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It Might Have Been: Risk, Precaution, and Opportunity Costs, 22 J. Land Use & Envtl. L. 1 (2006)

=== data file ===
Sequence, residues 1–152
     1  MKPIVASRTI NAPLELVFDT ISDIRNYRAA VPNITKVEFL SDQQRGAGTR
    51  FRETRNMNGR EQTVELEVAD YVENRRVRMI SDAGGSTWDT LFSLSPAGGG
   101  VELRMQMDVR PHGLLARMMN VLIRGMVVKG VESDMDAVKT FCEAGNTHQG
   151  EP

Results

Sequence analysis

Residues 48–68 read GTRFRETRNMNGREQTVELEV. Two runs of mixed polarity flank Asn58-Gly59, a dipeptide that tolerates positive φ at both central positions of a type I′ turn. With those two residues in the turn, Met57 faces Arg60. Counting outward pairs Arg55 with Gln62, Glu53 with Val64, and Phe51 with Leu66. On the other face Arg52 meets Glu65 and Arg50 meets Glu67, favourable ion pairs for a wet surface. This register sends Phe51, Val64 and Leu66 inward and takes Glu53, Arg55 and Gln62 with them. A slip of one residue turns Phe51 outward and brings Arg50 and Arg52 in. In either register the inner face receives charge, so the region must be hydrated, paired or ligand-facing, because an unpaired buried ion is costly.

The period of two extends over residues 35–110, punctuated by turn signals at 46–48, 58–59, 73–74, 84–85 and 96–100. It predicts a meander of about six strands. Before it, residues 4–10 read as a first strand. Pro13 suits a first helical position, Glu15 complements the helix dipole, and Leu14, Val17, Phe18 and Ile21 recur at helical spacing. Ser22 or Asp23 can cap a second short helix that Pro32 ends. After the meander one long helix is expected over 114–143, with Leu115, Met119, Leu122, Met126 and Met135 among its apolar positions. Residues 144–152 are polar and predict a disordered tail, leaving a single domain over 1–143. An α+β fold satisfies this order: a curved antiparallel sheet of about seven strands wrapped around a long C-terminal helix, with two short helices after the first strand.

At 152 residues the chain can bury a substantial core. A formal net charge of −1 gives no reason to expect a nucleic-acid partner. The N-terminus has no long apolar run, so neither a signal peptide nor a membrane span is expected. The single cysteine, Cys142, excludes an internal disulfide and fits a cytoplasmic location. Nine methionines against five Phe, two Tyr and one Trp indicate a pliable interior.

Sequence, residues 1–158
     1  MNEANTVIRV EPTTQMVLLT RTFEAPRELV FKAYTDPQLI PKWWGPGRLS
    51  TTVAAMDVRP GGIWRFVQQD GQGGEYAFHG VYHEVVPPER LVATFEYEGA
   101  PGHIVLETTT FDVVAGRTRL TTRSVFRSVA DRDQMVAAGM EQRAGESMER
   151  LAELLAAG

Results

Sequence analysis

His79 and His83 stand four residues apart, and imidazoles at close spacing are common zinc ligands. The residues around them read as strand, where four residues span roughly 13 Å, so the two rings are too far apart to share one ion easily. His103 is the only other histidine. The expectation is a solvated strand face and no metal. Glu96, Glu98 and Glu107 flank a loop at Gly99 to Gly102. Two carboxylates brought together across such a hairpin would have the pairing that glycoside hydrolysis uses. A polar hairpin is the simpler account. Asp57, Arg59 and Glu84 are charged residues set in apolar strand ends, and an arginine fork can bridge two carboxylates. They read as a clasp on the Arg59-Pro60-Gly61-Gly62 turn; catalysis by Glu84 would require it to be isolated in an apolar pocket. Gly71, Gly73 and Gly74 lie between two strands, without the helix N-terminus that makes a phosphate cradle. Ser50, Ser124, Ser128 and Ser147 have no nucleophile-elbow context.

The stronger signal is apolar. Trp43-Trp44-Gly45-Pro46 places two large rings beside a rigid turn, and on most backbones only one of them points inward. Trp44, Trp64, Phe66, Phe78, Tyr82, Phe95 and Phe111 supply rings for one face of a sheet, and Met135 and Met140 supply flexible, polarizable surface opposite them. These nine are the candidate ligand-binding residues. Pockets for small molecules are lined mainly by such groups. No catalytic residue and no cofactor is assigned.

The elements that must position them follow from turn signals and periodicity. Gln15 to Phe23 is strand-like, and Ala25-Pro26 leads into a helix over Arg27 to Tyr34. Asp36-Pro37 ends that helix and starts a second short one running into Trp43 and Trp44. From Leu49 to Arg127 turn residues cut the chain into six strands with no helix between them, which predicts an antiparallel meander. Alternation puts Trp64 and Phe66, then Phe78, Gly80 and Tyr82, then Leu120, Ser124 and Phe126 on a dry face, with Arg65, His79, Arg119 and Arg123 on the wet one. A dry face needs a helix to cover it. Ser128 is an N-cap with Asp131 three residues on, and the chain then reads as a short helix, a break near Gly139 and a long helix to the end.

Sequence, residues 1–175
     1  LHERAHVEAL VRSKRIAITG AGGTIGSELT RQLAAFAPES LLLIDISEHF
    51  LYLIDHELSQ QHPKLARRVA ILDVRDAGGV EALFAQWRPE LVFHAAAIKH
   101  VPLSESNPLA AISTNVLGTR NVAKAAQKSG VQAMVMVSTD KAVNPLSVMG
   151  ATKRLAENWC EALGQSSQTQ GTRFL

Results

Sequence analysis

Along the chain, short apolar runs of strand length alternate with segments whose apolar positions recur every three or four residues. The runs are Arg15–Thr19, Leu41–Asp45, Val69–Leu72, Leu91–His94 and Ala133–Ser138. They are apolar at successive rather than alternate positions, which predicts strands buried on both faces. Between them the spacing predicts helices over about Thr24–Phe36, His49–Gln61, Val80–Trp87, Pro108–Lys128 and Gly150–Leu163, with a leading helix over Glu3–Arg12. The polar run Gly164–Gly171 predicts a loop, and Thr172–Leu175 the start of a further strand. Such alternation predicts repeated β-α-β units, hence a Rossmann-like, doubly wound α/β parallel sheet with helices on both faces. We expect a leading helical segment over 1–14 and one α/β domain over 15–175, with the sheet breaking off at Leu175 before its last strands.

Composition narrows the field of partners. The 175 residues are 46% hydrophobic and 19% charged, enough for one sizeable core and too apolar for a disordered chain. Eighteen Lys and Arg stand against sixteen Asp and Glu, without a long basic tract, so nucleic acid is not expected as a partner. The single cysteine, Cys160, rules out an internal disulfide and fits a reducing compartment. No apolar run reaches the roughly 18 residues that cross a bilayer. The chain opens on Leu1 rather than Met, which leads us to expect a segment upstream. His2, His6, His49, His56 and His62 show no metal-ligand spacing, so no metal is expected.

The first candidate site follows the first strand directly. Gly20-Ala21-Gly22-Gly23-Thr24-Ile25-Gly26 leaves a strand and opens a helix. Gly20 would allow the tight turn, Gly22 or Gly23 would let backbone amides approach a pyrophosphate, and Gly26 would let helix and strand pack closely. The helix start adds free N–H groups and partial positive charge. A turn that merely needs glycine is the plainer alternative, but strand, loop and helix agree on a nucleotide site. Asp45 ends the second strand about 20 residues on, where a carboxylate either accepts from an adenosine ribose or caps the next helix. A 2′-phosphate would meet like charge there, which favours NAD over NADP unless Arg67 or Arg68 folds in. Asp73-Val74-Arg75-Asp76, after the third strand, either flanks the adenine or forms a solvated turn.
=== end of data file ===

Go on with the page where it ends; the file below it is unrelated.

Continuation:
This Article, which is part of a larger project on the competing merits of cost-benefit analysis (CBA) and the precautionary principle (PP) examines one specific plank of the case against the PP: the claim that the principle’s ignorance of the opportunity costs of precaution leads to indeterminate or impoverishing policy advice. Because PP defenders emphasize the limits of human knowledge and the frequency of unpleasant surprises from technology and industrial development, they prefer an ex ante stance of precaution whenever a proposed activity meets some threshold possibility of causing severe harm to human health or the environment. Importantly, they prefer this stance even in the face of potential benefits—such as those promised by the use of nanoparticles in groundwater remediation or skin protection—that may themselves be ameliorative of environmental, health, and safety dangers. Although their reasoning has never been perfectly clear, advocates of the PP regard such foregone benefits as conceptually distinct from, and somehow less central than, the more affirmative consequences that may result from allowing potentially harmful activities to proceed.

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